A large multicenter cohort on the use of full-thickness resection device for difficult colonic lesions

Y. Ichkhanian, K. Vosoughi, D. L. Diehl, I. S. Grimm, T. W. James, A. W. Templeton, K. Hajifathalian, J. L. Tokar, J. B. Samarasena, N. El Hage Chehade, J. Lee, K. Chang, M. Mizrahi, M. Barawi, S. Irani, S. Friedland, P. Korc, A. A. Aadam, M. A. Al-Haddad, T. E. KowalskiA. Novikov, G. Smallfield, G. G. Ginsberg, V. M. Oza, D. Panuu, N. Fukami, H. Pohl, Michael Lajin, N. A. Kumta, S. J. Tang, Y. M. Naga, S. K. Amateau, G. O.I. Brewer, V. Kumbhari, R. Sharaiha, Mouen A. Khashab

Research output: Contribution to journalArticlepeer-review

3 Scopus citations

Abstract

Background: Introduction of the full-thickness resection device (FTRD) has allowed endoscopic resection of difficult lesions such as those with deep wall origin/infiltration or those located in difficult anatomic locations. The aim of this study is to assess the outcomes of the FTRD among its early users in the USA. Methods: Patients who underwent endoscopic full-thickness resection (EFTR) for lower gastrointestinal tract lesions using the FTRD at 26 US tertiary care centers between 10/2017 and 12/2018 were included. Primary outcome was R0 resection rate. Secondary outcomes included rate of technical success (en bloc resection), achievement of histologic full-thickness resection (FTR), and adverse events (AE). Results: A total of 95 patients (mean age 65.5 ± 12.6 year, 38.9% F) were included. The most common indication, for use of FTRD, was resection of difficult adenomas (non-lifting, recurrent, residual, or involving appendiceal orifice/diverticular opening) (66.3%), followed by adenocarcinomas (22.1%), and subepithelial tumors (SET) (11.6%). Lesions were located in the proximal colon (61.1%), distal colon (18.9%), or rectum (20%). Mean lesion diameter was 15.5 ± 6.4 mm and 61.1% had a prior resection attempt. The mean total procedure time was 59.7 ± 31.8 min. R0 resection was achieved in 82.7% while technical success was achieved in 84.2%. Histologically FTR was demonstrated in 88.1% of patients. There were five clinical AE (5.3%) with 2 (2.1%) requiring surgical intervention. Conclusions: Results from this first US multicenter study suggest that EFTR with the FTRD is a technically feasible, safe, and effective technique for resecting difficult colonic lesions.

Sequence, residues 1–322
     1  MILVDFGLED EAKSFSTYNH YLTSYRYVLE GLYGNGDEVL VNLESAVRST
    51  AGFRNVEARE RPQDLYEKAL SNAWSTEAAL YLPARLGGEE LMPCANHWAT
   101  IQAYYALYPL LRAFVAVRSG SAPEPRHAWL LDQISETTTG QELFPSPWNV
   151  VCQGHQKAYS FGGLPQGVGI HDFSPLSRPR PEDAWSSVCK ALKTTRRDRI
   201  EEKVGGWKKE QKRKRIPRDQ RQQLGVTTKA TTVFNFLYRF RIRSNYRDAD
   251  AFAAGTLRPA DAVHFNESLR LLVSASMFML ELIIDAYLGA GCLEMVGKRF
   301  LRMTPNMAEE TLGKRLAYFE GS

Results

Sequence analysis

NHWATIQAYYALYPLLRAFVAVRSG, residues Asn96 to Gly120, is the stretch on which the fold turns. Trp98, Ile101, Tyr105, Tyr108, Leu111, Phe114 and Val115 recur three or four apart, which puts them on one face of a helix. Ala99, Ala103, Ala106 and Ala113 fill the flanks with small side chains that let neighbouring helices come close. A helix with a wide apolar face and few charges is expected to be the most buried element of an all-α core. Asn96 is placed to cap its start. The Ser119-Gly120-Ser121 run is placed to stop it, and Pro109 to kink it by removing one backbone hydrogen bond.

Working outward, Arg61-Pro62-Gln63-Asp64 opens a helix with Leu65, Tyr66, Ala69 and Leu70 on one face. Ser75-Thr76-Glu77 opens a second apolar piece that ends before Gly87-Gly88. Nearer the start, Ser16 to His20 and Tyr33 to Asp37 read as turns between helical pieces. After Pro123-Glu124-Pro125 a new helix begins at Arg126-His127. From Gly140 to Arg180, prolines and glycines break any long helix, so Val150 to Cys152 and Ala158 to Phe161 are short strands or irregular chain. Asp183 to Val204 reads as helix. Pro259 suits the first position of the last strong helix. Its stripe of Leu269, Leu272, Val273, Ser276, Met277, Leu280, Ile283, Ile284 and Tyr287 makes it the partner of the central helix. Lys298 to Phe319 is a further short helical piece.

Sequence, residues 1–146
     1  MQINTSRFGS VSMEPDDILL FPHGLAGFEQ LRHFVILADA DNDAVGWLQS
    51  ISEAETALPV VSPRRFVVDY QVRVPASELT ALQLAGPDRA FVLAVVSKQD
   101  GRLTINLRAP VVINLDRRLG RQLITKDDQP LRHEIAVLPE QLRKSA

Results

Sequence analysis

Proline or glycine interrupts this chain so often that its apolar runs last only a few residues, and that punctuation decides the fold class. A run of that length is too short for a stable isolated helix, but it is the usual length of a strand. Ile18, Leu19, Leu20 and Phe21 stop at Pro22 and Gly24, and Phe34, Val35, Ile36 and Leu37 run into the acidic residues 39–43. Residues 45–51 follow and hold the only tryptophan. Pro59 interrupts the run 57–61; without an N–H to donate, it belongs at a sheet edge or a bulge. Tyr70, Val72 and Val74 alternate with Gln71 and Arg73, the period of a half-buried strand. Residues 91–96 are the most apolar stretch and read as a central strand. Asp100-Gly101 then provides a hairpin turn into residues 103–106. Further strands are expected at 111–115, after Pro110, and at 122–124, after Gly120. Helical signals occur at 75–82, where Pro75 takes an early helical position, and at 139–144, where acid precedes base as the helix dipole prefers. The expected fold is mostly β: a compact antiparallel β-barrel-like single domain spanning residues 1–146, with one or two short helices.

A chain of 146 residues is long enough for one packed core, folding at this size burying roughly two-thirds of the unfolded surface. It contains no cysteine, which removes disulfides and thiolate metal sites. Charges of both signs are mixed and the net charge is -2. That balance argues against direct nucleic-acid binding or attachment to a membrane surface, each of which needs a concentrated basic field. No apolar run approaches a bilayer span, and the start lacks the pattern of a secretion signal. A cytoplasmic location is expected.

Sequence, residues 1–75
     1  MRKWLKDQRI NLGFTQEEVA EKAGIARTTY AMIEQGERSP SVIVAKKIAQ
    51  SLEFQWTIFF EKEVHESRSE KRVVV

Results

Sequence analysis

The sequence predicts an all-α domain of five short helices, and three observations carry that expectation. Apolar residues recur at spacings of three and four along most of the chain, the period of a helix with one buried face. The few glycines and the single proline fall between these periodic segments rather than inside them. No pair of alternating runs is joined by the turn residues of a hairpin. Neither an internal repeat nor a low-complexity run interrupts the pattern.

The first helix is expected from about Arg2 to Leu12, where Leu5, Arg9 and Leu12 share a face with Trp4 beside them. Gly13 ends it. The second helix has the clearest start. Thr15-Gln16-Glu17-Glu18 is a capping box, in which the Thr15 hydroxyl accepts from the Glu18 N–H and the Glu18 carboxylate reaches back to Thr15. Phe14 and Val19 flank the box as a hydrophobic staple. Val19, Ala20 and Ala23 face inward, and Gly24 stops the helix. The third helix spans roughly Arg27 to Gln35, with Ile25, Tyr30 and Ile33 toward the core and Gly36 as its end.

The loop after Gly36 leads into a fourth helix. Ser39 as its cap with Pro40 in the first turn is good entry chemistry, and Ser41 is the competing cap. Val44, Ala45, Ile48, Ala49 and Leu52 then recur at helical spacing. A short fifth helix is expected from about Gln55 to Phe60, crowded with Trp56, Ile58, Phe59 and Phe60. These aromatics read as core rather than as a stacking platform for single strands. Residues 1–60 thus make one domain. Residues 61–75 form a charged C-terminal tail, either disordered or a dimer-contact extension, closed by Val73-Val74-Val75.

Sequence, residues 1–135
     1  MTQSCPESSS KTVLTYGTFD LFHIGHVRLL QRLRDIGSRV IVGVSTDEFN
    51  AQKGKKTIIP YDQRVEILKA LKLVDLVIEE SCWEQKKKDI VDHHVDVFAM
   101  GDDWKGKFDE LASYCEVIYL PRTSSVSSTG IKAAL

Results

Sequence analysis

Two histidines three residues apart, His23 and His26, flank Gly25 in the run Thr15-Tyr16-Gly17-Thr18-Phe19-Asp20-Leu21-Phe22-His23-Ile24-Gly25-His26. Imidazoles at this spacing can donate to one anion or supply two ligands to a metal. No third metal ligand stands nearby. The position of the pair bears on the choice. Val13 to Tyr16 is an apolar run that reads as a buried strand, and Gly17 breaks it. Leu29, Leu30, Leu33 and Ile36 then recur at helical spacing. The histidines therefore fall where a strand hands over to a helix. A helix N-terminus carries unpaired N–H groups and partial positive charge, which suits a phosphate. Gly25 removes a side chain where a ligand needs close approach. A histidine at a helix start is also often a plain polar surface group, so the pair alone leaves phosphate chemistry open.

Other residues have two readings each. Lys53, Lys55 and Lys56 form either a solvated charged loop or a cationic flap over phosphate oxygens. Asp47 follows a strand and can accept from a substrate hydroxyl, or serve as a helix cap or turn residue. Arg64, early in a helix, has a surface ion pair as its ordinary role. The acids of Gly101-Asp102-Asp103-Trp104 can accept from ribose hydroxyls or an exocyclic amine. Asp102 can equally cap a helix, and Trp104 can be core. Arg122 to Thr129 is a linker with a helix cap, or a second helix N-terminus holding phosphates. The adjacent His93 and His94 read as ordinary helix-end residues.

Original languageEnglish (US)
Pages (from-to)1296-1306
Number of pages11
JournalSurgical endoscopy
Volume35
Issue number3
DOIs
StatePublished - Mar 2021

Bibliographical note

Funding Information:
Dr. Khashab is consultant for Boston Scientific, Medtronic, and Olympus. Dr. Ian Grimm is a consultant for Boston Scientific. Dr. Irani is a consultant for Boston Scientific. Dr. Kumbhari is a consultant for ReShape Life Sciences, Apollo Endosurgery, Medtronic, and Boston Scientific. Dr. Nikhil is a consultant for Apollo Endosurgery, Boston scientific, and Olympus. Dr. Amateau is a consultant for Merit Endoscopy, Boston Scientific, US Endoscopy, and Neurotronic and the recipient of research support from Cook Medical. Dr. Smallfield has research funding from CSA medical and C2 therapeutics. Dr. Aadam AA is a consultant for Boston Scientific. Dr. Diehl Md Consultant for Boston Scientific, Olympus, Pentax, Cook Medical, Merit, ConMed, US Endoscopy, Medtronic, Lumendi. Dr. Chang consultant for Apollo, Boston Scientific, Cook, Covidien, Erbe, Endogastric Solutions, Mauna Kea Mederi, Medtronic, Olympus, Ovesco, Pentax, Torax. Dr. Samarasena has educational grant from Cook and consultant for Mauna Kea, Medtronic, Olympus, Pentax, US Endoscopy. Dr. Al-Haddad received research and teaching support from Boston Scientific. Dr. Pohl received grants from Boston Scientific, US Endoscopy, and Aries/Cosmo Pharamceuticals. Dr. Templeton is a consultant for Boston Scientific and Medtronic. Dr. Ginsberg is a consultant for Olympus Inc. and Boston Scientific. Dr. Fukami is consultant for Boston Scientific and Olympus. Dr. Sharaiha is consultant for Boston Scientific, Olympus, Apollo, and Medtronic. Dr. Ichkhanian, Dr. Vosoughi, Dr. James, Dr. Hajifathalian, Dr. Tokar, Dr. Lee, Dr. Mizrahi, Dr. Barawi, Dr. Friedland, Dr. Korc, Dr. Kowalski, Dr. Novikov, Dr. Oza, Dr. Panuu, Dr. Lajin, Dr. Kumta, Dr. Tang, Dr. Naga, and Dr. Brewer have no conflicts of interest or financial ties to disclose

Publisher Copyright:
© 2020, Springer Science+Business Media, LLC, part of Springer Nature.

Keywords

  • Difficult adenomas
  • Endoscopic full-thickness resection
  • FTRD
  • Full-thickness resection device

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